Broad selections challenge designers of multiple-choice questions

When you write non-numeric selections of a multiple-choice question, you want them to be different from each other and cover the likely choices as completely as possible. Yet at the same time you don’t want too many selections. You also would like them to be close to the same length. We have compiled other good practices.

The selections also need to be quickly and decisively understood by respondents.  Respondents don’t want to puzzle over meanings and coverage of terms. Partly that means you need to cure ambiguities but partly it means to choose terms in selections carefully so that nearly everyone interprets them the same way at first reading.

We found an instructive example in one of the law-firm research surveys. Did the questions in the plot below achieve quick clarity?  We do not know if the left-hand-side labels mirror the selections on the questionnaire. Some surveys have more detail, and even explanations, but the report gives an abbreviation of the selection.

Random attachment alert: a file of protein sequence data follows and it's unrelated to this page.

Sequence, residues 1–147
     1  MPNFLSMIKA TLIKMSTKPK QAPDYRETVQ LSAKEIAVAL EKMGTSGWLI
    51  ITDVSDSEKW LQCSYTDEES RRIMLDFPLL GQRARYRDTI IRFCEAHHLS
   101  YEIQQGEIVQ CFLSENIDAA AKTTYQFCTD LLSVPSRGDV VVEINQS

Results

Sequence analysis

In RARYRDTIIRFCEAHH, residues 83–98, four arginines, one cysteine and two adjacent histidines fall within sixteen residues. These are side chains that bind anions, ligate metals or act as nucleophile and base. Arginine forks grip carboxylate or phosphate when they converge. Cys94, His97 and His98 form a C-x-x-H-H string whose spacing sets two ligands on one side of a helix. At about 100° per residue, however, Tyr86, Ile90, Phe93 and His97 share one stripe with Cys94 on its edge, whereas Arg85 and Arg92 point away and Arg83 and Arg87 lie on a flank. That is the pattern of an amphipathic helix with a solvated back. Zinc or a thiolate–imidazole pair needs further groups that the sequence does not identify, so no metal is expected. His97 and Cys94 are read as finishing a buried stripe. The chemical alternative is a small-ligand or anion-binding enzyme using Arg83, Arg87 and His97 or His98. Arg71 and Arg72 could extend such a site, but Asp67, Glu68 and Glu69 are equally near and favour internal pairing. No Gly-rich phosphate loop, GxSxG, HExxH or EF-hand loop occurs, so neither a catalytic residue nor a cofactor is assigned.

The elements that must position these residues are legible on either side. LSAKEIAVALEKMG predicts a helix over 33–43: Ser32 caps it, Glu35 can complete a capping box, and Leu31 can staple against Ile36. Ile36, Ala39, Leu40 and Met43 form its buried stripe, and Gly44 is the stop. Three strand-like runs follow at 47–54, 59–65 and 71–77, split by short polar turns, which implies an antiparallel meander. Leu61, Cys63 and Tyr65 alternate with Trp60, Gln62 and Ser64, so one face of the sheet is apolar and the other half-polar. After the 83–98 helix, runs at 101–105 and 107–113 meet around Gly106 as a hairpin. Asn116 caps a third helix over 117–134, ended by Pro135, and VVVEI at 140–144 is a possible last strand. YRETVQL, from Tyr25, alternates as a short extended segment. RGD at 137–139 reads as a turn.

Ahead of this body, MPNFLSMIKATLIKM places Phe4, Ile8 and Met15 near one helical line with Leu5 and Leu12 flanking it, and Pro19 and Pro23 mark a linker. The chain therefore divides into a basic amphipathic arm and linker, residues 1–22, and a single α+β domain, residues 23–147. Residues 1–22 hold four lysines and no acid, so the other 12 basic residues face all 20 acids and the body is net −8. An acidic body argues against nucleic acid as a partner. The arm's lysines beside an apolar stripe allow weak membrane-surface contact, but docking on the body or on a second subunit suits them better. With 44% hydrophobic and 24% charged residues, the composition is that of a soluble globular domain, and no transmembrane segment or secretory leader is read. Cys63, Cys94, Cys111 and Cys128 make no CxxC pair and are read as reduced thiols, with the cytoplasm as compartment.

I wonder whether most of the general counsel understand “Partner ecosystem”, let alone in the same way. Should there be a two notions joined as in “New sources of revenue and new business models”? Some companies might pursue revenue or a new business model, but not both. Likewise, why pair “Clean energy and environmental regulation”? They could be seen as two separate trends. The selection “Geopolitical shifts” feels so broad that it invites all kinds of interpretations by respondents.

This question challenged the survey designors with an impossible task. First they had to pick the important trends — and what happened to “Demographic changes”, “Big data”, “Urbanization” and “Taxes” to pick a few others that could have been included? Second, they had to describe those multifaceted, complex trends in only a few words. Third, those few words needed to fix a clear picture in lots of minds, or else the resulting data represents a blurred and varied clump of subjective impressions.

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